(PRWEB) August 07, 2014
This year’s Southeastern Association of State Highway and Transportation Officials (SASHTO) conference will unfold in New Orleans, Louisiana, from August 23-27, 2014. As the premier event and trade show for the region’s transportation industry, the convention’s theme—Transportation Innovation: Building the Future—remains true to its tradition of providing the opportunity for professionals within the market to discuss current concerns and attend informational sessions. The 2014 SASHTO Committee has recently released their full agenda, which includes a presentation from Ken LaBry, Fenstermaker’s Acoustic Market Leader, on the progressive use of Underwater Acoustic Imaging (UAI) in federal- and state-mandated infrastructural evaluation projects.
Mr. LaBry’s presentation, entitled "Images at Depth-Clarifying the Darkness: The Use of Acoustic Imaging for Underwater Bridge Inspection," is scheduled for the Tuesday, August 26th, session of the expert panel "Adding Value through Operations and Maintenance Practices." Scheduled from 10:30 a.m. to 12:00 noon, he is one of three presenters to “cover modern and future operational and maintenance practices that have provided additional value, efficiencies, and cost savings.” Vince Latino, Chief Maintenance Engineer with the Louisiana Department of Transportation & Development (DOTD), will serve as moderator.
As part of his presentation, Mr. LaBry will use a recent DOTD and Fenstermaker project partnership—the statewide inspection of 70 bridges as required every five years by the Federal Highway Administration (FHWA)—to illustrate the advantages of UAI technology and methodologies in underwater structural assessments. Encompassing the Mississippi River Delta and its many tributaries, the State of Louisiana is home to some of America’s largest bridges spanning the most rapidly flowing, deepest and murkiest waterways. As state owners of such large-scale infrastructure in challenging locations, DOTD is responsible for the safety and maintenance of these bridges and enlisted Fenstermaker to assist with their latest comprehensive bridge evaluation. Spearheading an innovative approach, DOTD gained approval from FHWA on a pioneer project that uses UAI techniques and their imaging results to direct traditional diving inspections more effectively while decreasing the associated risks.
Fenstermaker, with Mr. LaBry leading the efforts, began developing a solution to the difficult and sometimes impossible task of inspecting underwater substructures in Louisiana and places facing similar issues. The initiative began with modifying methods primarily developed for oil & gas exploration and production, specifically applying their application to submerged transportation components. The technological translation involved developing Underwater Acoustic Remote Sensing, mainly (SONAR), to acquire data and render visualization of submerged structures. Fenstermaker has been refining this process since 2005 with the aim of providing an advanced means of generating necessary information for the investigation of underwater infrastructure. Since then, the company has continuously improved their developments and established an efficient, cost-effective solution for evaluating submerged structures. To date, they have successfully used their unique UAI system and techniques to perform inspection projects involving bridges, dams, flood control structures, docks and wharfs. Their client partnerships have diversified throughout the years to include railroad companies, port authorities, and government agencies.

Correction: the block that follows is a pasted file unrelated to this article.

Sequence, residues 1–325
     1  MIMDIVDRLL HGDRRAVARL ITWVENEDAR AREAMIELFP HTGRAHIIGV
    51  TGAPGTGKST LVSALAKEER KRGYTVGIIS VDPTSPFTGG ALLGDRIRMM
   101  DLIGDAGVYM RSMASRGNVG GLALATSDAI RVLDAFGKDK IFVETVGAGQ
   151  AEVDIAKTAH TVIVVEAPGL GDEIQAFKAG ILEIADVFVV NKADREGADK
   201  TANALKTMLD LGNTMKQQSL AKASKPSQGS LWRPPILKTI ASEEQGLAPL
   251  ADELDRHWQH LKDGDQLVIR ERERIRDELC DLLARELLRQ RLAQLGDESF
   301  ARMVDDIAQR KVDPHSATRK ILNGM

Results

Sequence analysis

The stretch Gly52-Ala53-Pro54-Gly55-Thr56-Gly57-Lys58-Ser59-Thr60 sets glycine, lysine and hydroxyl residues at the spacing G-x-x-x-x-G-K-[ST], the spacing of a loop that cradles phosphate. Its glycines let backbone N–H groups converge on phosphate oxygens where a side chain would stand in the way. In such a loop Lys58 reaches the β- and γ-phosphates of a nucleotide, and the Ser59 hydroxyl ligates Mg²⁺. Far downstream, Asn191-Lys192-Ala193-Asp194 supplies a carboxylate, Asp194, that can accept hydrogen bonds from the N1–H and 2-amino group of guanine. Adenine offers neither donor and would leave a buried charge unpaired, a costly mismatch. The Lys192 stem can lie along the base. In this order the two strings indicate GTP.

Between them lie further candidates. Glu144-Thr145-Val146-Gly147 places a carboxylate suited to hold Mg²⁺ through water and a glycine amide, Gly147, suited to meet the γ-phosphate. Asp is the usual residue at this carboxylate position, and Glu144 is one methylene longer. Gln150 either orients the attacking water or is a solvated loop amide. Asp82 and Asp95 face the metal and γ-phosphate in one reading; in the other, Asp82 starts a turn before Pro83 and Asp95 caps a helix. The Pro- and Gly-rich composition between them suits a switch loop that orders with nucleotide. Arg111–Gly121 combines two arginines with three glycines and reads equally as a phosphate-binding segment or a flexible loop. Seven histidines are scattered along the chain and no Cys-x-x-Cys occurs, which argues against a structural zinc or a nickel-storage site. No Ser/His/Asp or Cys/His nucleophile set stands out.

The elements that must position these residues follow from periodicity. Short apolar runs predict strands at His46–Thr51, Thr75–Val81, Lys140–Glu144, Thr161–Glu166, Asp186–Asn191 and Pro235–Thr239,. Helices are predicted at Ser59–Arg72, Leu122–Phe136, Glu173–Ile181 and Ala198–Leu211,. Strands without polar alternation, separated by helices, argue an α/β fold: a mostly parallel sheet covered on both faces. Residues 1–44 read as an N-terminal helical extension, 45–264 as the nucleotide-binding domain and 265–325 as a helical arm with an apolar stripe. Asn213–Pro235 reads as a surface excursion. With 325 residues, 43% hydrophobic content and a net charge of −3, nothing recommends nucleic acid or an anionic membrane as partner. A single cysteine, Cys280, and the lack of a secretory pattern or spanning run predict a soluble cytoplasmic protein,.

Since the Fenstermaker-led team with sub-consultants Infrastructure Engineers and Huval & Associates began the 2-year statewide bridge inspection project in 2012 with DOTD, Fenstermaker has continued to adapt and hone their instrumentation systems. Towards the end of the comprehensive investigation, Mr. LaBry’s UAI team adapted their large-diameter UAI pipe inspection system to access flooded culvert bridges, which were added to the project scope. The subsequent development included modifying their equipment to allow for SONAR imaging along the walls of a culvert conduit and implementing a remote-controlled survey vessel.
With the statewide DOTD evaluation wrapped up in 2013, Fenstermaker has gone on to successfully complete bridge inspections using UAI in difficult environments in the States of Iowa and Alabama. Additionally, their Advanced Technologies (AT) members participated in an FHWA pool-funded study to closely examine the benefits of UAI by solely using the technology and techniques on two piers of the Oakland Bay Bridge’s West Span and 3rd Street Bascule Bridge in San Francisco, California. Both projects concluded within two workdays with exemplary results, producing remarkable visual documentations of the submerged pier components and adjacent water bottoms at both sites.